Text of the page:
"auths": {
       "": {
         "auth": "<auth-token>"
  6. If you did not create the mount point earlier (if you did not set up XFS), create the /mnt/data/ directory as a mount point:

    sudo install -o $USER -g elastic -d -m 700 /mnt/data
  7. If you set up a new device with XFS earlier:

    1. Mount the block device (change the device name if you use a different device than /dev/xvdg1):

      sudo mount /dev/xvdg1
    2. Set the permissions on the newly mounted device:

      sudo chown $USER:elastic /mnt/data
  8. Create the /mnt/data/docker directory for the Docker service storage:

    sudo install -o $USER -g elastic -d -m 700 /mnt/data/docker
Configure the Docker daemonedit
  1. Edit /etc/docker/daemon.json, and make sure that the following configuration values are present:

      "storage-driver": "overlay2",
      "icc": false,
      "log-driver": "json-file",
      "log-opts": {
        "max-size": "500m",
        "max-file": "10"
      "data-root": "/mnt/data/docker"
  2. The user installing Elastic Cloud Enterprise must have a User ID (UID) and Group ID (GID) of 1000 or higher. Make sure that the GID matches the ID of the elastic` group created earlier (likely to be 1000). You can set this using the following command:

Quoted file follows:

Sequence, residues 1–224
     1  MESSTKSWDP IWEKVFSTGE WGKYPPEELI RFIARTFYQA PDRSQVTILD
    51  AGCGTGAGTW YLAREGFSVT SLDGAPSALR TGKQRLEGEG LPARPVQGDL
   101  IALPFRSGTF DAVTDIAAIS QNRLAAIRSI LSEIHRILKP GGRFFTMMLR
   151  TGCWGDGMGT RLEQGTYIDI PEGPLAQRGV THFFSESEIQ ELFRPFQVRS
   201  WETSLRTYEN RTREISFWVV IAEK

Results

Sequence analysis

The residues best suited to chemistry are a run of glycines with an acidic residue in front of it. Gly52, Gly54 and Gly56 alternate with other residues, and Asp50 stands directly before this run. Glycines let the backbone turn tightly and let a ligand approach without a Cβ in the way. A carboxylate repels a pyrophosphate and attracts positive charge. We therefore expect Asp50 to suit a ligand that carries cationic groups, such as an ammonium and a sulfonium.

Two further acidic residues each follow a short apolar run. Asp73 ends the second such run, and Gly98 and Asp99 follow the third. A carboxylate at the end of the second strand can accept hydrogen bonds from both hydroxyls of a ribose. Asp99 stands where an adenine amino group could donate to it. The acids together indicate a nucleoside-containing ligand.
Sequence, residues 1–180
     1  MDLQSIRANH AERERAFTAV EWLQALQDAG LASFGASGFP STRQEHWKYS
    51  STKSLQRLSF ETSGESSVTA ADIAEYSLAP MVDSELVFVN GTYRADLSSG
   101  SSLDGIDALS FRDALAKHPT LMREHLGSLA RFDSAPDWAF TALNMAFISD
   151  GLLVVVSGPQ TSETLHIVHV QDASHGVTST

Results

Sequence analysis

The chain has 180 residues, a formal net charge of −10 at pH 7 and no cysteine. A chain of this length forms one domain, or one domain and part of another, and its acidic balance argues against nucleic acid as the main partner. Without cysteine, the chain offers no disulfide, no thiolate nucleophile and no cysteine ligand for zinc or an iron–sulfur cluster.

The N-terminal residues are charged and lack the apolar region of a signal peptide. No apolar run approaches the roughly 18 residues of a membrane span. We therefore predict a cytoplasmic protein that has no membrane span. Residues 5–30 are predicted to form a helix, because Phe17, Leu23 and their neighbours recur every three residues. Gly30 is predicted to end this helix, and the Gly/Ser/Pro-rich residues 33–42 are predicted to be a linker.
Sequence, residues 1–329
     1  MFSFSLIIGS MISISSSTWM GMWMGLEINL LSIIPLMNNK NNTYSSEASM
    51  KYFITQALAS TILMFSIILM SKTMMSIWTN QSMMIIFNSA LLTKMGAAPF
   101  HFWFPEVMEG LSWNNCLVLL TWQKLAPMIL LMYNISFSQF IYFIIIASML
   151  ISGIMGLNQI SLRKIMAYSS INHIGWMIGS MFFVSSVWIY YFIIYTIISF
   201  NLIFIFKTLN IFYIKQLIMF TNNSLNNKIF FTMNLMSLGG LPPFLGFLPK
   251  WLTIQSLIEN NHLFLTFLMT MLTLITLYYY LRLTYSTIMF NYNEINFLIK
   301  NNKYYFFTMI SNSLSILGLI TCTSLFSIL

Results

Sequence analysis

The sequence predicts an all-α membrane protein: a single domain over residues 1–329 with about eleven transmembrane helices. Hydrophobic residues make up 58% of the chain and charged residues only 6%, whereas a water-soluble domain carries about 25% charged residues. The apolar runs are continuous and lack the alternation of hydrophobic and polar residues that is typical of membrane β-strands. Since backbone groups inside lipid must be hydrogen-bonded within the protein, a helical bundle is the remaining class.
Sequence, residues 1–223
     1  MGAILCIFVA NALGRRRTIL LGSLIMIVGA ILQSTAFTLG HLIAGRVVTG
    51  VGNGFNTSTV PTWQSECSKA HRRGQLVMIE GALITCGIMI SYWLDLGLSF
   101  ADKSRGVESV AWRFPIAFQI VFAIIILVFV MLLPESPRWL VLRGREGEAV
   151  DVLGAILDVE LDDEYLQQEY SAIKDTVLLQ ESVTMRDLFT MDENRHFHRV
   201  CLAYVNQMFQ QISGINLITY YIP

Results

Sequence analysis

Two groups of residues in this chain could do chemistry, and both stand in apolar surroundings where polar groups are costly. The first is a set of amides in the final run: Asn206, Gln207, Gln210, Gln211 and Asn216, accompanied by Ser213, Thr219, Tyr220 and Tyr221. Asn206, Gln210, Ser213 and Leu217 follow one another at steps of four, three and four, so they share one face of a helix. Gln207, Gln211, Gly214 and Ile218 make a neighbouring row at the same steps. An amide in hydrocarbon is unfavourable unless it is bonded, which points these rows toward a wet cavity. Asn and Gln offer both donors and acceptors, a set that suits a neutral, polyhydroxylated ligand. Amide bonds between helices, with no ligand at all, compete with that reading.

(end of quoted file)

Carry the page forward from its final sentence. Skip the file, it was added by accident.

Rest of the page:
sudo usermod -g <elastic_group_gid> $USER
  3. Apply the updated Docker daemon configuration:

    Reload the Docker daemon configuration:

    sudo systemctl daemon-reload

    Restart the Docker service:

    sudo systemctl restart docker

    Enable Docker to start on boot:

    sudo systemctl enable docker
  4. Recommended: Tune your network settings.

    Create a 70-cloudenterprise.conf file in the /etc/sysctl.d/ file path that includes these network settings:

    cat << SETTINGS | sudo tee /etc/sysctl.d/70-cloudenterprise.conf
    1. Ensure settings in /etc/sysctl.d/*.conf are applied on boot

      sudo sh -c "cat << EOF > ${SCRIPT_LOCATION}
      set -x
      lsmod | grep ip_conntrack || modprobe ip_conntrack
      sysctl --system
      sudo chmod +x ${SCRIPT_LOCATION}
  5. Reboot your system to ensure that all configuration changes take effect:

    sudo reboot
  6. If the Docker daemon is not already running, start it:

    sudo systemctl start docker
  7. After rebooting, verify that your Docker settings persist as expected:

    sudo docker info | grep Root

    If the command returns Docker Root Dir: /mnt/data/docker, then your changes were applied successfully and persist as expected.

    If the command returns Docker Root Dir: /var/lib/docker, then you need to troubleshoot the previous configuration steps until the Docker settings are applied successfully before continuing with the installation process. For more information, check Custom Docker daemon options in the Docker documentation.

  8. Repeat these steps on other hosts that you want to use with Elastic Cloud Enterprise or follow the steps in the next section to start installing Elastic Cloud Enterprise.